A great deal of the debate surrounding public sector unions focus on how much public employees earn versus private workers. Every credible analysis – those that account for huge differences between public and private workers in terms of characteristics like profession, education, and experience – find that public compensation is competitive or lower than that of private-sector workers (for recent examples, see here, here, and here, or a review here).
I have, however, heard a few thoughtful observers make the point that virtually all these analyses include education workers, and that this might be a little misleading. It’s a fair point. Roughly one in five state/local government employees are in fact K-12 teachers, while another five percent are professors at public colleges and universities. This is important because analyses of public/private sector compensation essentially compare public employees with workers with similar characteristics (education being the most important one) in the private sector. The research above indicates that workers with more education pay a larger “price” for working in the public sector, whereas many lesser credentialed, lower-skilled government jobs actually pay more. Since many teachers have master’s degrees (and professors Ph.D.’s), and they are such a huge group, it’s reasonable to wonder if they might be skewing the overall estimates.
So, I decided to see if a comparison of public/private compensation that does not include teachers and professors would yield very different results. Let’s take a look.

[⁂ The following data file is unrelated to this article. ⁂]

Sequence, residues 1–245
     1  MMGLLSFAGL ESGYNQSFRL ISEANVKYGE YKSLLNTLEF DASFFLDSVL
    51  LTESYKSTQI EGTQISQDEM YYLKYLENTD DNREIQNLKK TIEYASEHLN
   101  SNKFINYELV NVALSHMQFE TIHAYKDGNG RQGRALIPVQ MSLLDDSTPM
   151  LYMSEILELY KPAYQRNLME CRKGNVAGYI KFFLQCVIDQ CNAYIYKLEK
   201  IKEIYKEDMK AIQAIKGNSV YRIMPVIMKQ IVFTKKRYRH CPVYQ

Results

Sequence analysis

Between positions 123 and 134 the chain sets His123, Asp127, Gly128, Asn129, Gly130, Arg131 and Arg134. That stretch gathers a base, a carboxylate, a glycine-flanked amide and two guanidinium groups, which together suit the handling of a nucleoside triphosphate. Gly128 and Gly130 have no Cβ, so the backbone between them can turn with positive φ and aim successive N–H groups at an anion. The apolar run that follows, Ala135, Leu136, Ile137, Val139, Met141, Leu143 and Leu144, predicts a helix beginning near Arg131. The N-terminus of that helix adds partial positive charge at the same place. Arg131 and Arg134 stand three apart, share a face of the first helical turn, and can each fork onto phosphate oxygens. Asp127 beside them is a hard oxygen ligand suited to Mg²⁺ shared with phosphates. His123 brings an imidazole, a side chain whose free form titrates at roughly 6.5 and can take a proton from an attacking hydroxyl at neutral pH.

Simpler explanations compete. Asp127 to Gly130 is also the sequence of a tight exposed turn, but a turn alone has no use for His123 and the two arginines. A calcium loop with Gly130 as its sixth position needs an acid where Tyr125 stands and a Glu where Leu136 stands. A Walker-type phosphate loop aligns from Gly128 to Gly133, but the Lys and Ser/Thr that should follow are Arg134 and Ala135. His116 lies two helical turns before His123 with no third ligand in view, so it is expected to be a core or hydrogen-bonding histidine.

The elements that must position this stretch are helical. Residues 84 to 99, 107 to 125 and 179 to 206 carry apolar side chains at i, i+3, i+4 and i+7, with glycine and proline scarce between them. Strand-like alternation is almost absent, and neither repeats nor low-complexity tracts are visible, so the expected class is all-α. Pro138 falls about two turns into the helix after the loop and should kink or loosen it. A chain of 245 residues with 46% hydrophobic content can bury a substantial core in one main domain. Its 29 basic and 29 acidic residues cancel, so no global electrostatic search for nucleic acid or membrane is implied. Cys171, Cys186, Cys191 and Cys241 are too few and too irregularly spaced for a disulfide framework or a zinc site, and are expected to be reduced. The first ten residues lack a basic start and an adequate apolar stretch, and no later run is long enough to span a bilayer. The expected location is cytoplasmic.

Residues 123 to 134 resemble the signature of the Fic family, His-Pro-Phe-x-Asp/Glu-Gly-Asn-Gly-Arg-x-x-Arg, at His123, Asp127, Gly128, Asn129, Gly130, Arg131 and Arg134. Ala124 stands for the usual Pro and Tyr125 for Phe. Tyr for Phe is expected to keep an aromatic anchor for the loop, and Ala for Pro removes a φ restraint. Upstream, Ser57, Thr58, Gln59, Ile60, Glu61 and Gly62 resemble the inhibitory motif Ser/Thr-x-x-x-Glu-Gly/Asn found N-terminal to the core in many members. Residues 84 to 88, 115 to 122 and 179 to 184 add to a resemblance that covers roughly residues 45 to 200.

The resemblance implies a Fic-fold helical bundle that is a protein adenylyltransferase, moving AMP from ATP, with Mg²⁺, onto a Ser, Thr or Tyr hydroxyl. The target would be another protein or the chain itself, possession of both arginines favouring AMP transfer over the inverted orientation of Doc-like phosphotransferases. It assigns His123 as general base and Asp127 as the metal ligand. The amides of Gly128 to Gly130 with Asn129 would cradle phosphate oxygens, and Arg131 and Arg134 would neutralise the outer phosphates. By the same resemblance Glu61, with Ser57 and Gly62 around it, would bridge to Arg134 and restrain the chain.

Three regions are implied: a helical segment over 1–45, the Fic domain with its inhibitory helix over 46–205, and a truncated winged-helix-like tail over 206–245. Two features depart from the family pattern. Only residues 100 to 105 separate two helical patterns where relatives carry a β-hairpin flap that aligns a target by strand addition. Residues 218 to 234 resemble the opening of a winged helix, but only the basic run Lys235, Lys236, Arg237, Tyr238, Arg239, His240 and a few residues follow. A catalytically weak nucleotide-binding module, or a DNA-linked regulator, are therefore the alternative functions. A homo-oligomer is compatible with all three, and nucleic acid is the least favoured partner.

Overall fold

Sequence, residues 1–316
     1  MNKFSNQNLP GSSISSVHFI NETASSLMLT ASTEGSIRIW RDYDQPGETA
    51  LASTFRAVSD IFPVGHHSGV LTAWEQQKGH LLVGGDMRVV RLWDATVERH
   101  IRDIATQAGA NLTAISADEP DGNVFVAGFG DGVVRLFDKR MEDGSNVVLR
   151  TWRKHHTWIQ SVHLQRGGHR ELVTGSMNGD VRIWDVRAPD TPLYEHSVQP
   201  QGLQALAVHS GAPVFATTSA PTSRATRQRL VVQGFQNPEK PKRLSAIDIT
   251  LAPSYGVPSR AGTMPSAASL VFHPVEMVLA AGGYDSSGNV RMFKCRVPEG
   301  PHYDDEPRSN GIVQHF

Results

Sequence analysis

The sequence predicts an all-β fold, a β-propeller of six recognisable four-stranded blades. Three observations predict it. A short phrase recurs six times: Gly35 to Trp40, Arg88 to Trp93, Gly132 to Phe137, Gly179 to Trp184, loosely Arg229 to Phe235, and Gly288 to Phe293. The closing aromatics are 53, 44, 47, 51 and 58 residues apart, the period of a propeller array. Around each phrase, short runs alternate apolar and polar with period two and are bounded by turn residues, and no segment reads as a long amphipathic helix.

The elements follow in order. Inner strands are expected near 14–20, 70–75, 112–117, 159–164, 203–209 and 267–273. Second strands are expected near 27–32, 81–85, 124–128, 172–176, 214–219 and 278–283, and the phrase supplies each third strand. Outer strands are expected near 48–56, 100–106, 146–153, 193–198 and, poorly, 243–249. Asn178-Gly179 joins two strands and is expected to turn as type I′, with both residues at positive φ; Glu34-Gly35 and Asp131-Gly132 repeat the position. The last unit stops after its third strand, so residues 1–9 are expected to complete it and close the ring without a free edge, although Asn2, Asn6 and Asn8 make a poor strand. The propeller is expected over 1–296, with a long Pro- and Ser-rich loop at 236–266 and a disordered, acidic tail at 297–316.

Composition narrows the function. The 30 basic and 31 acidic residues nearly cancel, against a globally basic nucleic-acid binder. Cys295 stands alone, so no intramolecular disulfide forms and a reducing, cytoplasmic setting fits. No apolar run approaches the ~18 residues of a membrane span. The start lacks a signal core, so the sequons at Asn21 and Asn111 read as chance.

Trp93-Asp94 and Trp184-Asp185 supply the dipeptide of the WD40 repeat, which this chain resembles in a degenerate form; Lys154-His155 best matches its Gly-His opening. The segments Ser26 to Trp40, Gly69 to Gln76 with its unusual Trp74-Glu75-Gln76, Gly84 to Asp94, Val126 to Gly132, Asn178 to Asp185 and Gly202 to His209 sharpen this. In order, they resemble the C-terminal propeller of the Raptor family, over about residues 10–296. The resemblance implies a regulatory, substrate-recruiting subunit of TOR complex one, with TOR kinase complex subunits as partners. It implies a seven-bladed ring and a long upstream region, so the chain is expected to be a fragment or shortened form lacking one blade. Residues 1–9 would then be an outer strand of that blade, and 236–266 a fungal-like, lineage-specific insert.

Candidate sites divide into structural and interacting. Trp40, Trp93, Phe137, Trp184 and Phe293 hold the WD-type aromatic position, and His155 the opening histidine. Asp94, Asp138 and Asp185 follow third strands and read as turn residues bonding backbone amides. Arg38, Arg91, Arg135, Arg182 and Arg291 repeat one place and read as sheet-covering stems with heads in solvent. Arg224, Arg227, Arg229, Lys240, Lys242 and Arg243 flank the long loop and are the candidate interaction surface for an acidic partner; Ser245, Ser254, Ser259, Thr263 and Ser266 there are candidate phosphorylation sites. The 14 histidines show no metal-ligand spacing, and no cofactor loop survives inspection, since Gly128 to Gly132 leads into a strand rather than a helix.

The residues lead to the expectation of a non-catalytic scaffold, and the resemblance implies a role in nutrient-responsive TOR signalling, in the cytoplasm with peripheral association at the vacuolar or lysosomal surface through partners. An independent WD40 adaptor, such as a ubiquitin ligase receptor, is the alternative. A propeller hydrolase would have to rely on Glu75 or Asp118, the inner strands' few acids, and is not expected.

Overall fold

In a previous post, I used U.S. Census data (American Community Survey, available from IPUMS.org) to break down the public/private gap in wage and salary earnings, controlling for state, work schedules, experience, and education. Here, I replicate this analysis, but exclude K-12 teachers and college/university professors (both public and private).
Let’s first see how average public/private earnings compare before and after educators are excluded (note: none of these analyses includes benefits).
The exclusion clearly makes a difference. It increases the average private sector salary (probably because private school teachers are poorly paid), while decreasing the public sector average over $1,000.
But this comparison, of course, does not account for differences among workers in terms of key wage-determining factors such as education and experience. When those differences are controlled for, it is almost certain that the earnings gap found in my previous post (about 20 percent) will be lower, since the public sector workers included in the analysis will be less educated, on average, than they were when teachers were included.
In the table below, I present the results from the previous post, along with the public/private gap when educators are left out. The models control for work schedules (hours and weeks), state, gender, experience, and education. The details are in the table stub, if you’re interested.
The results show that excluding teachers and professors does mitigate the public/private earnings gap – reducing the “advantage” for private sector workers from 20.2 percent to 14.2 percent – but the difference remains large.
This illustrates the fact that more educated, highly-skilled workers – such as teachers and professors - suffer a more substantial earnings penalty for government work. When a large group of the most educated workers is excluded – i.e., educators – the gap is narrower. But it is still huge – around 14 cents on the dollar.
So, it is certainly true that educators are “responsible” for part of the public/private earnings gap. They are the dominant public employee group, and would therefore exert considerable influence on the results, no matter what.
Nevertheless, with or without teachers and professors, public employees’ wage and salary earnings are substantially lower than those of comparable private sector workers.